Maus I & Maus II by Art Spiegelman

Title: Maus I My Father Bleeds History
Author: Art Spiegelman
Pub Date: August 1986
Pages: 160

Title: Maus II And Here My Troubles Begin
Author: Art Spiegelman
Pub Date: September 1992
Pages: 144
Genre: Graphic Novel, Memoir(esque?)
Rating: 5/5 (for both)


Maus I & II are graphic novels that explore the Holocaust experience through not just a survivor, but the survivor’s family. Art Spiegelman has always had a strained relationship with his father, Vladek, which was only exacerbated by the suicide of his mother, Anna. Knowing that his father was getting older and becoming weak and ill, Art realizes that he has little opportunity left to fully discover the stories of his parents experience in Auschwitz. He shares with us the process of the interviewing endeavor and what it meant to him, while engaging the audience in the tale of Vladek, how life seemed perfect in one moment, and the next more horrifying than imaginable.

My Thoughts

What’s unique about these graphic novels is the type of narration. Spiegelman moves between the past and the present, his relationship with his dad and his dad’s relationship with history. All of this is done seamlessly and evokes strong emotions for all parties involved. I found myself getting angry at Spiegelman and his annoyance with his father, but only because I remembered my own irritation with my grandmother, who recently died.

Now you see, the stories are quite different. My grandmother lived in East Germany during WW2, but was never in the camps. Instead, she was one of nine young German children, completely oblivious to the destruction that Hitler was causing. In order to help her poor family out, she moved away from their farm and worked many jobs – including cleaning homes of the German soldiers. My grandmother and I never really saw eye to eye on many issues, and in all honesty, she was one of the most difficult people I’ve ever known. Vladek reminded me so much of my grandmother on many different levels that it saddened me. It made me wish that I kept a journal of the stories that she shared with me: losing her first baby during the war, dealing with her first husband, a German soldier, who ran off to be with a Russian woman, meeting and falling in love with an American soldier (my popa), moving to the states and living on air force bases even though many despised her because she was German. All those stories that are barely lingering in my mind.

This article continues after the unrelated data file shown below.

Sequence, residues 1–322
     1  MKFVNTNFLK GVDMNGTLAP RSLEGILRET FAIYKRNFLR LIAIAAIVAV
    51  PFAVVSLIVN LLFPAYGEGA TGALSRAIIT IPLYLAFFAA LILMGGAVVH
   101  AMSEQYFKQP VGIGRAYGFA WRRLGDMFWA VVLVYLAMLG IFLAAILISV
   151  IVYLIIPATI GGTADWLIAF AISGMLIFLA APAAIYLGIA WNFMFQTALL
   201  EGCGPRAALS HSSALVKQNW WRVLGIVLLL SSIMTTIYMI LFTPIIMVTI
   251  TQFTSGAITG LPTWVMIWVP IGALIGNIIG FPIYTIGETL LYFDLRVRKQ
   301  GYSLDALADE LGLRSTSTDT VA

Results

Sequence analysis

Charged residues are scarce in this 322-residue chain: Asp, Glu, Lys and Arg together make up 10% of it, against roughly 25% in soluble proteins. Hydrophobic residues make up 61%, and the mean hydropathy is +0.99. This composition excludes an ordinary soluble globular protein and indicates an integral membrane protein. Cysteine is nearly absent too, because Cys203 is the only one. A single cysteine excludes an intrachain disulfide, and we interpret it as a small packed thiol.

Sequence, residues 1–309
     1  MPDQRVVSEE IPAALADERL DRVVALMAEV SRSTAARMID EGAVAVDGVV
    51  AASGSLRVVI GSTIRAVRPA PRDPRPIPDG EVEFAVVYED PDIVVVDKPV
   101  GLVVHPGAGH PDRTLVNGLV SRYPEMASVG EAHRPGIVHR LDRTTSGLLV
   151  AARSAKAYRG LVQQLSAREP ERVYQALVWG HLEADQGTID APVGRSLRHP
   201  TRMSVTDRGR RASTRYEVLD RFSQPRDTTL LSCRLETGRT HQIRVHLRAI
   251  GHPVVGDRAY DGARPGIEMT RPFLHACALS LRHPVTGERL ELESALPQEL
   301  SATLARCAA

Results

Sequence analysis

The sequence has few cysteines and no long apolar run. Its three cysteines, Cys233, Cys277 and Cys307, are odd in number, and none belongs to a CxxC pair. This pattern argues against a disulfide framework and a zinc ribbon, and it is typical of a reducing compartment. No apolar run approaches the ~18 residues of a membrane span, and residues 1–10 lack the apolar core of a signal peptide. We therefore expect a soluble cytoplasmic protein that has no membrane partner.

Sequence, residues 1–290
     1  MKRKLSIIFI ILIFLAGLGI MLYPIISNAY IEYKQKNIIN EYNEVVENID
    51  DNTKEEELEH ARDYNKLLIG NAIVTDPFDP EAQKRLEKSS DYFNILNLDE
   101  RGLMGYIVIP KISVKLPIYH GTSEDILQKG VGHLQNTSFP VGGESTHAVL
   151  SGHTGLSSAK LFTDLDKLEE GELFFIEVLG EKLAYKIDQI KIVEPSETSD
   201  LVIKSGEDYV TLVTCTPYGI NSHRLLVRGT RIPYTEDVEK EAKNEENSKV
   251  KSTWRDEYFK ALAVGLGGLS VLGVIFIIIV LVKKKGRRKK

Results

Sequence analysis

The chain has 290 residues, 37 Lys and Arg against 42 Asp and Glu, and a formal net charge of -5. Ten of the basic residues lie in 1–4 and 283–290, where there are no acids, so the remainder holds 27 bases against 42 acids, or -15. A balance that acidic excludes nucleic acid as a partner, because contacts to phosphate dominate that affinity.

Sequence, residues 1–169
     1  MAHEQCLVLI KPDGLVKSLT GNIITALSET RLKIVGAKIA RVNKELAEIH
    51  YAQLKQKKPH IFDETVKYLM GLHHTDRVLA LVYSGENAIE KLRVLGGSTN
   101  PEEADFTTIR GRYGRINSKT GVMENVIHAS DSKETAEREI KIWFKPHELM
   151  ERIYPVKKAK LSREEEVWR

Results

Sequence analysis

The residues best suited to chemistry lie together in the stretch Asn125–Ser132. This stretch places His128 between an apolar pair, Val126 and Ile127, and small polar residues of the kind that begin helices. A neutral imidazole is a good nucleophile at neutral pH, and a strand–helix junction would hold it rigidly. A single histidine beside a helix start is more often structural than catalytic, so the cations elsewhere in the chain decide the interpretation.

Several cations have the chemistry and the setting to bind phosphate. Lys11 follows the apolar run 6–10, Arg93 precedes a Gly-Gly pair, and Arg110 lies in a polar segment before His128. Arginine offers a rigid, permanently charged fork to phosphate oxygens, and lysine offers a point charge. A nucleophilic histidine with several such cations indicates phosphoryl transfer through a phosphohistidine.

I know that I digressed from my thoughts about the story, but you see, that’s why Maus I & II became so special to me. It allowed me to remember a woman that I didn’t necessarily like, but still loved, which I believe to be the hardest relationships to have and accept.


  1. Oddly, I only read Maus II and like you I enjoyed the changing time frames. Thanks for the reviews and personal thoughts.

  2. I too have read both, and used them in my classes when I taught about the Holocaust. The students always enjoyed reading it and it led to some awesome discussions.

  3. Susan - Spiegelman is really talented, isn't he? It makes me realize how quickly we're going to be without the holocaust stories.

    Joan..I mean Jones (LOL) I bet the kids loved it. Before this year I was such a snob with graphic novels. Now, having taken the time to read them, I am going to incorporate them into my curriculum. Who knows, maybe I'll let the kids read their manga books for next years DEAR?!

  4. Lovely review, Christina. Thank you for sharing with us the reason why the book touched you on such a personal level.

  5. Great review. I love hearing about personal connections to books. Sorry it's taken me so long, but I've posted an excerpt here on War Through the Generations.

    Just to clarify, do you want your blog called "Book Notes" or "Reading Through the Night"? For some reason, I have you listed as "Book Notes."

    Diary of an Eccentric


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